Join us for our next OSU Extension Secrest Arboretum workshop on Thursday, May 23, titled “How Plants Mate”. The program will be from 10:00 am to 4:00 pm, including an “excellent” lunch, though my now OSU Horticulture graduated student Sean Camilleri would say: “I’ll be the judge of that” – gotta love it. We will have an extensive Flower ID lineup, a Fruit and Flower walk, and microscopic views of flower structure using the new Secrest Welcome and Education Center technology for viewing microscopic views on screen. Plus plentiful presentations and pontifications.
OSU Extension’s Dr. Ann Chanon, who’s done academic papers on buckeye hybridization, Secrest Arboretum curator Jason Veil with academic degrees including plant collections curation, and Jim Chatfield will be the teachers and learners along with all of you present. Registration is available today at go.osu.edu/Chatfield and will be $40. Let’s go to the non-Jeopardicized questions: Answers to be explored on May 23 – and a few herein.
What is the difference between dioecious and monoecious plants? What plants are which and why does it matter for practical horticulture? Is having male and female plants in the same planting enough for successful fertilization to occur? How do apple flowers differ from filbert flowers, both of which have male and female flowers on the same plant? What is considered a perfect flower? A complete flower? What are the four floral envelopes and what are they called? (The calyx made up of sepals, the corolla made up of petals, the androecium made up of stamens, the gynoecium made up of the pistils – stigma, style and ovaries).
What are some examples of modified leaves for plants? What did Goethe call a flower? Do potatoes have flowers and fruits? )Yes, but we do not eat them!) What is a ripened ovary? What is double fertilization? Why are tomatoes defined as fruits by botanists? Why are tomatoes defined as vegetables by others? What is the fleshy, juicy, delicious, part of a strawberry? What are the small, brown, grain-like structures on the outside of this fleshy part? What’s up with cashews, bananas?
What is anemophily and entomophily, and what implications does this have for insecticide use? What about zoophily and hydrophily? What is a nectar thief? (Takes nectar without facilitation pollination). Is a nectar thief necessarily counterproductive to pollination and fertilization? What is a pollen tube? What do the botanists call the alternation of generations for a moss – a fern – a flowering plant? What are Darwin and others talking about with contrivances such as pseudo-aggression and pseudo-copulation of orchids?
What is an Angiosperm? A Gymnosperm? A spermatophyte (Seed plants, comprising of Angiosperms and Gymnosperms). What is the pteridiphyes and bryophytes? Do pines have flowers? Do ginkgoes have fruits? What does the term polygamodioecious mean? There’s a show-stopper, or is it a show-starter?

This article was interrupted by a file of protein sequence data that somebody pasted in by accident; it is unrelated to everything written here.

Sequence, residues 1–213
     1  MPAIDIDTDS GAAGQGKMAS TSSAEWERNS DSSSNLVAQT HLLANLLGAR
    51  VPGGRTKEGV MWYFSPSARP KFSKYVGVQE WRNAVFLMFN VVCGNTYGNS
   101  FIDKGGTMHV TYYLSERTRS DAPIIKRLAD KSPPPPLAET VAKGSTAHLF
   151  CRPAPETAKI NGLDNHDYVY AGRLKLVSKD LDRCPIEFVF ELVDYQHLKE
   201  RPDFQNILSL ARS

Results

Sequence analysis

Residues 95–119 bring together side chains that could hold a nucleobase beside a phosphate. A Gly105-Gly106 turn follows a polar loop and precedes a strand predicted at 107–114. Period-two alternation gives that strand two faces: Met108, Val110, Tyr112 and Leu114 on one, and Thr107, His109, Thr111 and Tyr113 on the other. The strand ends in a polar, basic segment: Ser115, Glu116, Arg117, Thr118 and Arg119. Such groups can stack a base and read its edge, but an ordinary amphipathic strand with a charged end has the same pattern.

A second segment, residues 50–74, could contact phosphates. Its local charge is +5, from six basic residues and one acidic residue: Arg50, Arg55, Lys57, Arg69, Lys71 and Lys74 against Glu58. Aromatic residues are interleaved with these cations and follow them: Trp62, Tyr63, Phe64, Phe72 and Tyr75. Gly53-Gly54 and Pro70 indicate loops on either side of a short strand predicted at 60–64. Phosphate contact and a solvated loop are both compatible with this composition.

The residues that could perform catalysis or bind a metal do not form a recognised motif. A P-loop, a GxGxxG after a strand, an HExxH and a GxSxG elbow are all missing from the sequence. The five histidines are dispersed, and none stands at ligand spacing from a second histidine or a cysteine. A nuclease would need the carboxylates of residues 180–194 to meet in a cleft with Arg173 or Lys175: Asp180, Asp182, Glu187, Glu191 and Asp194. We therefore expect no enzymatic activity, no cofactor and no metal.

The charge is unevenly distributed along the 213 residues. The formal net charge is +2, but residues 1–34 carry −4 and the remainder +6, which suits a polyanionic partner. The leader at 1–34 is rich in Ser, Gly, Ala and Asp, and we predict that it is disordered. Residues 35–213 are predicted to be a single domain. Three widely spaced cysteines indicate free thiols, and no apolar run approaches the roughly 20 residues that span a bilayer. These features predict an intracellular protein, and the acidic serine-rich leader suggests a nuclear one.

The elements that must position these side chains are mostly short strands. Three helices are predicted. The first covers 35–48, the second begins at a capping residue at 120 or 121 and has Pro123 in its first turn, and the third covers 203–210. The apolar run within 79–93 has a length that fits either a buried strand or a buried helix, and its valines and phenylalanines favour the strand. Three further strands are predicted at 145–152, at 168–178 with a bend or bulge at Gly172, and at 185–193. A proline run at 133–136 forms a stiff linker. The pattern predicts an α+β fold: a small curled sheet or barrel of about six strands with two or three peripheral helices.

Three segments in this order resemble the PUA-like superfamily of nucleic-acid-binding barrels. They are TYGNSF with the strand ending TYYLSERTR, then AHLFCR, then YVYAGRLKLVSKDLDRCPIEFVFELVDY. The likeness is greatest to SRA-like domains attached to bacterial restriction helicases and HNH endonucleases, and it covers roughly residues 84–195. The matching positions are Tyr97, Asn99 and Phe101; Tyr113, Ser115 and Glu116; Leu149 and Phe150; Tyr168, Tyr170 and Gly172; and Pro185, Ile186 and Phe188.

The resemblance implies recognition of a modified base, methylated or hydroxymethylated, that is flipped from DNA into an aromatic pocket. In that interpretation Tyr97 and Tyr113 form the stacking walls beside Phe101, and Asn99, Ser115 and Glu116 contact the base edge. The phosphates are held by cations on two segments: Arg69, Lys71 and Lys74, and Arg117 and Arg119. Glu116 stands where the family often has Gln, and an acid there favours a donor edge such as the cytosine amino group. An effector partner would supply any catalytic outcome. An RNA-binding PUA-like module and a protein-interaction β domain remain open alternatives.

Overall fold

What regulates the various sizes of Golden Delicious apple trees: (dwarf, semi-dwarf, standard)? Can lilacs be grafted to privets? (They can, and importantly they are in the same family – the Oleaceae, or olive family). To weigelas? Why one and not the other? What is a plant family? Are privets and lilacs in the same family? Which plant family has genera with six stamens, two pairs of tall stamens across from each other and two shorter, single stamens across from each other? (It is the Brassicaceae – the mustard family, once called the Cruciferae.) Why the change of the family name?
What causes a mast year? Why do some crabapples sometimes have unusually small leaves and unusually high numbers of fruits in the same year? (It has to do with resource allocation for plants: reproduction is energy-costly). Is it easy to cross species of buckeyes? To cross bottlebrush buckeye with red buckeye? To create a pink bottlebrush buckeye? What is the relationship of horsechestnuts to buckeyes? Is a horsechestnut related to chestnuts? Why are most woody ornamental plants asexually propagated? – or are they?
And again the question that has always nagged at you – what does the term polygamodieocious mean? Well, maybe it matters not to you. But how about this – what plants attract hummingbirds and why? That’s more practical. This and a thousand more questions will be discussed in our class of “How Plants Mate”.
Note: Paul Snyder will not be teaching this time around, as he and wife Jacoby will be tending the new product of their own holy mate-rimony, their new baby girl.
Up next in this particular series: on July 2 - Plant Families III (Paul will be there for that one), then Plant Parts Exposed in the Fall. Up next overall in the OSU Extension Secrest series is Annuals and Perennials with Pam Bennett and Matt Shultzman on June 27.